Both have the elegant, boxier look of the new MacBook line, with just the right angles and an aesthetic that doesn’t need any bling to make it incredibly attractive. Both laptops are available in Silver, Space Gray, Starlight, and Midnight color schemes. Both machines are also incredibly well-built, like all MacBooks, but due to their incredibly thin chassis, the lids do demonstrate some uncharacteristic bending.

Connectivity is shared as well, with just two Thunderbolt 4 ports and an audio jack. The MagSafe 3 power connector on both not only saves a Thunderbolt 4 port for connectivity but easily pops off if snagged. Both laptops also list Wi-Fi 6 in their specifications, which is a generation behind the faster Wi-Fi 6E, but both have the latest Bluetooth 5.3.

A side of the MacBook Air showing the ports.
Digital Trends

They both also share the same limitation in external display support. The M2 CPU only handles a single external monitor, at up to 6K at 60Hz. That’s a significant limitation compared to most Windows laptops, as well as the more powerful MacBook Pro 14, but it makes no difference in this comparison.

The 1080p webcam is an upgrade over earlier models, and both laptops use the same technologies to create a superior video image for videoconferencing. You’ll also find Touch ID embedded in the power button on both machines.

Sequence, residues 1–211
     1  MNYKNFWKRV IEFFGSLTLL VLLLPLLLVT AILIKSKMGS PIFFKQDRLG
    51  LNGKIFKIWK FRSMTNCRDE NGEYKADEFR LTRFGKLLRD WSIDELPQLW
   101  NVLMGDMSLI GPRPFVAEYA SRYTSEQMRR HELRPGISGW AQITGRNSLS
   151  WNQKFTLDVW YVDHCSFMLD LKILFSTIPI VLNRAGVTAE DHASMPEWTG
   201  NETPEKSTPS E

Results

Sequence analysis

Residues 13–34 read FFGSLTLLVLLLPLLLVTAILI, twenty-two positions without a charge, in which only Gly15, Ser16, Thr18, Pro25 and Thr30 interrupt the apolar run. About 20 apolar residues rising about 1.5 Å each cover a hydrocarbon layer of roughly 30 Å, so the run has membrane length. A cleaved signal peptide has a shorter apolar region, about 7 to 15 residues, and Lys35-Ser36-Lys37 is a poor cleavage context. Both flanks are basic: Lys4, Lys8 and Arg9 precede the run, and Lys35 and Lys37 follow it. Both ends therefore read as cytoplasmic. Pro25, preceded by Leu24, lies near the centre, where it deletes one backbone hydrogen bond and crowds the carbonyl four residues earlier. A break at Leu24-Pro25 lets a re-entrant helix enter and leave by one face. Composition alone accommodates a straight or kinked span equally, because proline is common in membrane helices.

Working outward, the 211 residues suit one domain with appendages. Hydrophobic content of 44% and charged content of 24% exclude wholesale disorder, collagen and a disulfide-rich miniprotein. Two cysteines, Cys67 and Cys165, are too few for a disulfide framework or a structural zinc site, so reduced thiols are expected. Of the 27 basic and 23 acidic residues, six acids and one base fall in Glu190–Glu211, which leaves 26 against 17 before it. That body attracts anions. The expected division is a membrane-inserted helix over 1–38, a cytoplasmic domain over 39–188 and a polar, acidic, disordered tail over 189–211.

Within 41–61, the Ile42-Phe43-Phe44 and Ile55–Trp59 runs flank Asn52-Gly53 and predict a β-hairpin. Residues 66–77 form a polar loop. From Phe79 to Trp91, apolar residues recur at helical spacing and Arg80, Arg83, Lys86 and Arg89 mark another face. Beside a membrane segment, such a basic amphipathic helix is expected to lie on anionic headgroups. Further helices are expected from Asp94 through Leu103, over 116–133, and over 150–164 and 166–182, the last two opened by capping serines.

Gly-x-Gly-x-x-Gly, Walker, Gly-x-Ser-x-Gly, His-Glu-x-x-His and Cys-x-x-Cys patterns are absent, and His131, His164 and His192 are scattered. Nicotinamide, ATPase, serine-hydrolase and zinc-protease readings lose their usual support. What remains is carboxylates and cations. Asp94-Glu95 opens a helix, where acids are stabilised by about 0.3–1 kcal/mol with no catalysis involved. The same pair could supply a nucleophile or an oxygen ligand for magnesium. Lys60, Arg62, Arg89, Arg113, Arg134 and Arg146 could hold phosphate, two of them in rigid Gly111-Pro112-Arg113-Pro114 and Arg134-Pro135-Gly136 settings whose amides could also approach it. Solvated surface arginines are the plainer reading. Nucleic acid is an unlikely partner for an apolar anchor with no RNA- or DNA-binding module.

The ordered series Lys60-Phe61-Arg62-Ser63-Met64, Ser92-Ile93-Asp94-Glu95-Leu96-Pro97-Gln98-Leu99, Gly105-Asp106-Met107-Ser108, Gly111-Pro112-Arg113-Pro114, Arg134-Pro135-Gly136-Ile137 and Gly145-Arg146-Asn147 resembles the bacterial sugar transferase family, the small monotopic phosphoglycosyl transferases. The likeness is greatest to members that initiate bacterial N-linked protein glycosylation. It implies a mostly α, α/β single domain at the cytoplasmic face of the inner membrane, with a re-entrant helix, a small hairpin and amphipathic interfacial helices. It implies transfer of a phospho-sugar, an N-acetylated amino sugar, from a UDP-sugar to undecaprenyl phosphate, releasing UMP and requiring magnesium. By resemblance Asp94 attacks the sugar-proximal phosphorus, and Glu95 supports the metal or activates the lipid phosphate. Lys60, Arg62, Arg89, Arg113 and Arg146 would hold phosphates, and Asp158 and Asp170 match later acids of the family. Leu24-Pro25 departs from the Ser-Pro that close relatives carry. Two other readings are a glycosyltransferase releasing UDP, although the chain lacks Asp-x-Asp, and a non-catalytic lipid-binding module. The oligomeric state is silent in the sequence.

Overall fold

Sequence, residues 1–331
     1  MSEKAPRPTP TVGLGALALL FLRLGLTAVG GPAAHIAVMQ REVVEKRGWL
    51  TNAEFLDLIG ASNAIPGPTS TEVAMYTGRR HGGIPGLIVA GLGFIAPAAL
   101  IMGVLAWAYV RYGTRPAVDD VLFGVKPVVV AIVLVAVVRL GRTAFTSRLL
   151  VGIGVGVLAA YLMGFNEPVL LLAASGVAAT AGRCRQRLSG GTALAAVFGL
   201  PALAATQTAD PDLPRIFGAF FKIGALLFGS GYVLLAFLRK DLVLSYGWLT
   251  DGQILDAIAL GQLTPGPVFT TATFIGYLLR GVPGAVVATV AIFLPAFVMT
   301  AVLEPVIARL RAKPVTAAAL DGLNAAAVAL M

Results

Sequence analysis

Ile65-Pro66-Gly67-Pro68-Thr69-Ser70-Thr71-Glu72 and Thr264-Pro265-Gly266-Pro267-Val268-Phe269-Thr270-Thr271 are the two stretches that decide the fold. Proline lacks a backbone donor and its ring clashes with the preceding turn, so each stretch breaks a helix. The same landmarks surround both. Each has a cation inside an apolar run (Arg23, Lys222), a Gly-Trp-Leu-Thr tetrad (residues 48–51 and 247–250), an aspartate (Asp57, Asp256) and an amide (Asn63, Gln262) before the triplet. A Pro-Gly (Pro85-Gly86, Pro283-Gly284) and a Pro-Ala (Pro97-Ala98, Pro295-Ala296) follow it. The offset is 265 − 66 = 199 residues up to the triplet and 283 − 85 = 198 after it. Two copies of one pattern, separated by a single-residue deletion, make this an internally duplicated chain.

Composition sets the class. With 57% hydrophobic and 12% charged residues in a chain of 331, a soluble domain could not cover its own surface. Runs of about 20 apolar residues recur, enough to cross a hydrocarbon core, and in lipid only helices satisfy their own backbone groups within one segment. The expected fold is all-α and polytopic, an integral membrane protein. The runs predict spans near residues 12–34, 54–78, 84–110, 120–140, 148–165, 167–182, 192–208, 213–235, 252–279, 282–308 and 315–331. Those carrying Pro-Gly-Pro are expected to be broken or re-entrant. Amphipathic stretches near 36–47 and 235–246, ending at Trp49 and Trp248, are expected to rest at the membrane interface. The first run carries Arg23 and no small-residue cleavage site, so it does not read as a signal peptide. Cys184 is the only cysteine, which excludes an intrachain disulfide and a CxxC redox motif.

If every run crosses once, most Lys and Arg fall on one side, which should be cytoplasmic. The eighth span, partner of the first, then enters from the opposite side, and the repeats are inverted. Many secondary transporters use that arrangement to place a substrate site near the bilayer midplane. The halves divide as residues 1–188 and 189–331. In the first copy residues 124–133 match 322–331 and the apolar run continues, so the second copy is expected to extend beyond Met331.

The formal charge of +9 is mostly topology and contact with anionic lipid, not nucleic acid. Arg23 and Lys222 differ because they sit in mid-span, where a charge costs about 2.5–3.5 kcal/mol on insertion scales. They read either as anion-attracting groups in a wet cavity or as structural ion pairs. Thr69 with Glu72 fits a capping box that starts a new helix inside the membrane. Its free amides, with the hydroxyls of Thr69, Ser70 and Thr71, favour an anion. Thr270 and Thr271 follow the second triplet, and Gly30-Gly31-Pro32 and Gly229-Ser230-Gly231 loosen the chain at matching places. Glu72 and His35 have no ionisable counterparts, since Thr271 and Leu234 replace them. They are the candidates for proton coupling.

The lid and keyboard of the MacBook Air.
Image used with permission by copyright holder

The MacBook Air 13 can be equipped with the slower eight-core CPU/eight-core GPU M2 processor, with the 8-core CPU/10-core GPU M2 as an upgrade option. The MacBook Air 15 uses only the latter. If you’re looking to save a couple of hundred bucks, that makes the starting configuration of the 13-inch MacBook Air an attractive offering, even if it has graphics horsepower under the hood.

According to our own testing, the two laptops perform identically when configured similarly. They’re both completely fanless, so while they do get a little warm during heavy loads, the laptops remain silent throughout.

The only real difference is in perception. We tend to think that larger laptops equate to more performance, but in this case, it’s simply not true. If you want a MacBook with some more oomph, you’re still better off buying the 14-inch or 16-inch MacBook Pro.


Apple's 15-inch MacBook Air placed on a desk.
Luke Larsen / Digital Trends

The MacBook Air 13 and 15 both utilize the same Liquid Retina IPS technology, so they should provide similar performance. The MacBook Air 15’s panel is 15.3 inches at 2880 x 1864, and it provides similar sharpness to the MacBook Air 13’s 13.6-inch display at 2560 by 1664. The pixel density is identical to ensure that the larger screen isn’t just stretched out.